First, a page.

LA-based producer Santiago Salazar brings an impressive CV to his debut album Chicanismo. A key career moment occurred early on when he moved to Detroit and joined Underground Resistance, a development that in turn led to releases on UR and gigs throughout the world. Upon returning to his LA turf in 2006, Santiago founded Ican Productions with Esteban Adame, issued material on both Planet E and Ican Productions, and two years later established another label, Historia y Violencia, this one with Silent Servant. Solo releases on respected labels such as Rush Hour and Macro Recordings also appeared. The man has, in other words, been busy.
Chicanismo isn't, however, a standard collection of techno and house music; instead, Salazar personalizes his LA-flavoured sound by working into the mix elements drawn from Latin and Cuban musical forms. Throughout the fifty-seven-minute set, congas and other hand percussion add steam to the music's rhythmic thrust, and Salazar roughs up the smooth edges of the prototypical techno production with raw vocal samples (look no further than the opening scene-setter “Mama Paz”). In threading such elements into the album material, he amplifies the music's earthy, body-moving character and turns much of it into irrepressible dancefloor material.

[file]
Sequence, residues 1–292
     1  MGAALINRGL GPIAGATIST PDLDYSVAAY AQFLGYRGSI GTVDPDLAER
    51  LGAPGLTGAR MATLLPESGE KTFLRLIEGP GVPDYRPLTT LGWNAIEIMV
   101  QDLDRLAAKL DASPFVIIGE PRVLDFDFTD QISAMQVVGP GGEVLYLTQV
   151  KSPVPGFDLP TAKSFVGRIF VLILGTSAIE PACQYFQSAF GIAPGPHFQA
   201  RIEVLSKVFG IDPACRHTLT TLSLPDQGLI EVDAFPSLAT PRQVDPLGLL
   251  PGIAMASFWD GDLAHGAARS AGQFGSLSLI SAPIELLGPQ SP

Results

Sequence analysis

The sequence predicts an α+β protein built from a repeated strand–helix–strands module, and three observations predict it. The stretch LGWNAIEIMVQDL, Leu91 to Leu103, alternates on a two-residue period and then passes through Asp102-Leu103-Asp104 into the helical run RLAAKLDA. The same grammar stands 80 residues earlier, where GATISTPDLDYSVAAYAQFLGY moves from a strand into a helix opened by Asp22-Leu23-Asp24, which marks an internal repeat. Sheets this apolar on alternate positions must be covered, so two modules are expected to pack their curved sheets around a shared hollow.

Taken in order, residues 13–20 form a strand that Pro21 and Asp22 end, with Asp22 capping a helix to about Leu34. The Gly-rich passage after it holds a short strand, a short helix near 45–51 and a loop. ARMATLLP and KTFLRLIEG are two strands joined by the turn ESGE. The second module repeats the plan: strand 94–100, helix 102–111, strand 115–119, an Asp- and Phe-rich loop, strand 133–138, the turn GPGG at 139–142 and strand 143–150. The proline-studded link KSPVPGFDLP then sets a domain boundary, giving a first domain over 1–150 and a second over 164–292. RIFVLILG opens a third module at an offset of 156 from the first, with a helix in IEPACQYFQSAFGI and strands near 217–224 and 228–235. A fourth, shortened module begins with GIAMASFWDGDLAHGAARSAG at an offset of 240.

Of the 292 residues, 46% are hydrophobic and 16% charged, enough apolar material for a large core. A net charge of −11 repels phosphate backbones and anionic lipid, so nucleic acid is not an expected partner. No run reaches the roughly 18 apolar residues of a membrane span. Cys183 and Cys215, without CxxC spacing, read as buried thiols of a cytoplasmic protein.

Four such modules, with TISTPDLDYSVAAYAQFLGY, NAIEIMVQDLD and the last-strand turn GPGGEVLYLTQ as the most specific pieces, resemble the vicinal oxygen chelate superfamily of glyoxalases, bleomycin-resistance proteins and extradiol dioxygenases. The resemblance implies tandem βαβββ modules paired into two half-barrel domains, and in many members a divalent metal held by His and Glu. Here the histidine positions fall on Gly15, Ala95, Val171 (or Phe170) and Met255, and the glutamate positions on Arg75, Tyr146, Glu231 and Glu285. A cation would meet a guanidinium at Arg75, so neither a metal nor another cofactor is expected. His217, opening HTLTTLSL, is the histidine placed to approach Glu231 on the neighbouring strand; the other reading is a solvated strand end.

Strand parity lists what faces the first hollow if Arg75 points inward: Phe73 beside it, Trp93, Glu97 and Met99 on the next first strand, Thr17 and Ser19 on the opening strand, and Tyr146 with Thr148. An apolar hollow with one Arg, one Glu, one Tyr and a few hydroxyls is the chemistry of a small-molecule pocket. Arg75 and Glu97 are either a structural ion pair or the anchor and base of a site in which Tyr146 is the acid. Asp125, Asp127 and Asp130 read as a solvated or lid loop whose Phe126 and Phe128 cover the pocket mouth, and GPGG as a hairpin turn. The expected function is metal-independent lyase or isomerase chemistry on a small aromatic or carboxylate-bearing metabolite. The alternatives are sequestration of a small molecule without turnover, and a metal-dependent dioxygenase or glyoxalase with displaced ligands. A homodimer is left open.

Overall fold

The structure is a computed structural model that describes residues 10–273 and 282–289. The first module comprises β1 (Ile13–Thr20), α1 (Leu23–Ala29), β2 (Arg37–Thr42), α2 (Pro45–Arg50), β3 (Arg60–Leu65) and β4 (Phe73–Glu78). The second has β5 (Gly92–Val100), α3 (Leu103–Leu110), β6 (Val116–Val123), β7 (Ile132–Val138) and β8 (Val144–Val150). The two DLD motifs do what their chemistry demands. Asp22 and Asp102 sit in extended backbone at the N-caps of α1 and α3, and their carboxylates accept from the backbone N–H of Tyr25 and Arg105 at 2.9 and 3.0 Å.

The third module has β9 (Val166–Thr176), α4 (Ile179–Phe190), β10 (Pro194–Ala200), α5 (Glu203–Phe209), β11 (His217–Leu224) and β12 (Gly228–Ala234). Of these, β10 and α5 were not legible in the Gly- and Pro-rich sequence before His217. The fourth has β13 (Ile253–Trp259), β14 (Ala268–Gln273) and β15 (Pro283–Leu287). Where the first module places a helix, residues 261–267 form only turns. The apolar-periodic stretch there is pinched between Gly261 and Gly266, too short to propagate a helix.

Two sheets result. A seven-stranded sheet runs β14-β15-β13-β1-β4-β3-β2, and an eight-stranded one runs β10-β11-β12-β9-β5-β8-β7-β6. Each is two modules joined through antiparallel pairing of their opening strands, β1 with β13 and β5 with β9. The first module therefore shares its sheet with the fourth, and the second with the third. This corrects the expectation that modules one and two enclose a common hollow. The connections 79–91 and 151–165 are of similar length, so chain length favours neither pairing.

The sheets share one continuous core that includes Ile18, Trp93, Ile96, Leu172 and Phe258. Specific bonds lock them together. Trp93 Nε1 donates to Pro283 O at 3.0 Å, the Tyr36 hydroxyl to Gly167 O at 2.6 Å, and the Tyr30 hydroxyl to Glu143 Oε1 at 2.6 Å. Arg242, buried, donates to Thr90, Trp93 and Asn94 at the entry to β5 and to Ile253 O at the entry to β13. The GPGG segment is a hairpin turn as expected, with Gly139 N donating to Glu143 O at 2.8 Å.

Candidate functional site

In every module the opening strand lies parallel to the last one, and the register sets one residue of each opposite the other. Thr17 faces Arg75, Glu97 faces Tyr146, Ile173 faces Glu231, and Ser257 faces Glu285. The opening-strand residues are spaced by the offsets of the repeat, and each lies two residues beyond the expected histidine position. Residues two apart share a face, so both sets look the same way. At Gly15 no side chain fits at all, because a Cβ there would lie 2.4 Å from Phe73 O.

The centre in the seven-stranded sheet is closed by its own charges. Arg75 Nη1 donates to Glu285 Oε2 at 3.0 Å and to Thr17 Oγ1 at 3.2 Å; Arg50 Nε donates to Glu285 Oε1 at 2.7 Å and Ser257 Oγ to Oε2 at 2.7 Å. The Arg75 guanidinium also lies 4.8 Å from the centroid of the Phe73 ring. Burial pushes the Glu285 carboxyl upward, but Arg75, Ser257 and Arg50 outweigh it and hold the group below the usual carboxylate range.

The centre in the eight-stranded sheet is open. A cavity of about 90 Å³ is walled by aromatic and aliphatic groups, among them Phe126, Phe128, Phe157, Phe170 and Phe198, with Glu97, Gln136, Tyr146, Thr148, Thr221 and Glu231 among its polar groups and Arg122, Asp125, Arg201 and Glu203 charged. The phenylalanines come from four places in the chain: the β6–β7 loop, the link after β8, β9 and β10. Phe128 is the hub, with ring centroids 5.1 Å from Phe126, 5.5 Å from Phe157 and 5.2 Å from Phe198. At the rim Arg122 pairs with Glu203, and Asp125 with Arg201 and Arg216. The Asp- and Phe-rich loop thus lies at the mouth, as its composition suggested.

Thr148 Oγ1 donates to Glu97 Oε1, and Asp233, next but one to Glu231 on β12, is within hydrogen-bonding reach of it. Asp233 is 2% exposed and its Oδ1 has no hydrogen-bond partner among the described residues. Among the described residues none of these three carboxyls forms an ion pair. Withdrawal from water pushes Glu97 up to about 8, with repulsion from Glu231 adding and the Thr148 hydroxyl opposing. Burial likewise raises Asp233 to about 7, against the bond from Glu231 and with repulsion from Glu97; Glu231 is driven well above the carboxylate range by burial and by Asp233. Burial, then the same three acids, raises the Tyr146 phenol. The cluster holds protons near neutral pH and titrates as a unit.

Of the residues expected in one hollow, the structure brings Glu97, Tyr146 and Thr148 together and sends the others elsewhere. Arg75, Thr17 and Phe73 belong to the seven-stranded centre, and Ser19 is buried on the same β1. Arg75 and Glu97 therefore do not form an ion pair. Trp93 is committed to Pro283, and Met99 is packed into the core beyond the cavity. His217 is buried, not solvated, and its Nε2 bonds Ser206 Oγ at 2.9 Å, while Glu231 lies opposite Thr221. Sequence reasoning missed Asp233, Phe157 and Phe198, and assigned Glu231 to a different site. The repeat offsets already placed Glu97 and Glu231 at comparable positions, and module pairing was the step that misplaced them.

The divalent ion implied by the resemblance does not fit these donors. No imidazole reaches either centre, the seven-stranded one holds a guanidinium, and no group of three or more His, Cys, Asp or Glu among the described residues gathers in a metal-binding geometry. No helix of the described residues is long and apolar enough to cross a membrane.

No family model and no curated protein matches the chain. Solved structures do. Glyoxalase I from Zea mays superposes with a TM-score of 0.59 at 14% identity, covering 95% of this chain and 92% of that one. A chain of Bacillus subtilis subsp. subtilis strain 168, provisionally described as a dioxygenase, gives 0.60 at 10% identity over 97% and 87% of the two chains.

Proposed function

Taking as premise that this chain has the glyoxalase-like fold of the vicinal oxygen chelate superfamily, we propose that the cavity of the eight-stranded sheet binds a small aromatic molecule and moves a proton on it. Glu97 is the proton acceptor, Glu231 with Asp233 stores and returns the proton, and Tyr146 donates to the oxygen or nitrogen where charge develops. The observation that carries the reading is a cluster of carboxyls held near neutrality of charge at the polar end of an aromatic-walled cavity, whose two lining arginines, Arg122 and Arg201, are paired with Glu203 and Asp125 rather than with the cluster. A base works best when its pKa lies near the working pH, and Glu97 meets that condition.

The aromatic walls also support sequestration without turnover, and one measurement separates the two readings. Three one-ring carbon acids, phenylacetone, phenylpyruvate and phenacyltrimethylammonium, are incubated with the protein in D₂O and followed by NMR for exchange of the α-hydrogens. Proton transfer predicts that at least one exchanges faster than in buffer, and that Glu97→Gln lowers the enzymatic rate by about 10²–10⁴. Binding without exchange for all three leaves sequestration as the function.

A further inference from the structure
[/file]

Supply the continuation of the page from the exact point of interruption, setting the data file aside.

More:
Yet Chicanismo doesn't turn its back on techno and house, either, as its ten tracks partake of the production tropes of those genres, too. In its serpentine marriage of electro and acid, “Future Flashback” oozes a lithe swing one might otherwise hear in a John Tejada production (the electro-sparkler “Brownout” could even pass for a Tejada track), while “UKB 2 LAX” and “Clark Park” eschew non-techno elements for shimmering synth-heavy exercises in UR- and Planet E-styled futurama, respectively. Surprisingly, given its title, “Chicanismo” is arguably the album's sleekest production, a cool, electrified house workout that wholly excludes any reference to Latin music.
It's the balance Salazar achieves between the polish of contemporary dancefloor production and the primal earthiness of street music that ultimately gives Chicanismo its distinguishing personality. It's something one hears in “Varrio 2 Varrio,” for example, in the way he merges an exuberant Detroit techno groove and classic string stabs with jazz-tinged keyboard soloing—an exercise in both control and abandon. Only once does a political dimension explicitly emerge, specifically in the closing track “The Farce” where a scathing commentary on the US government's treatment of Latin Americans appears. But that diatribe aside, Chicanismo keeps its gaze firmly cast on the club floor.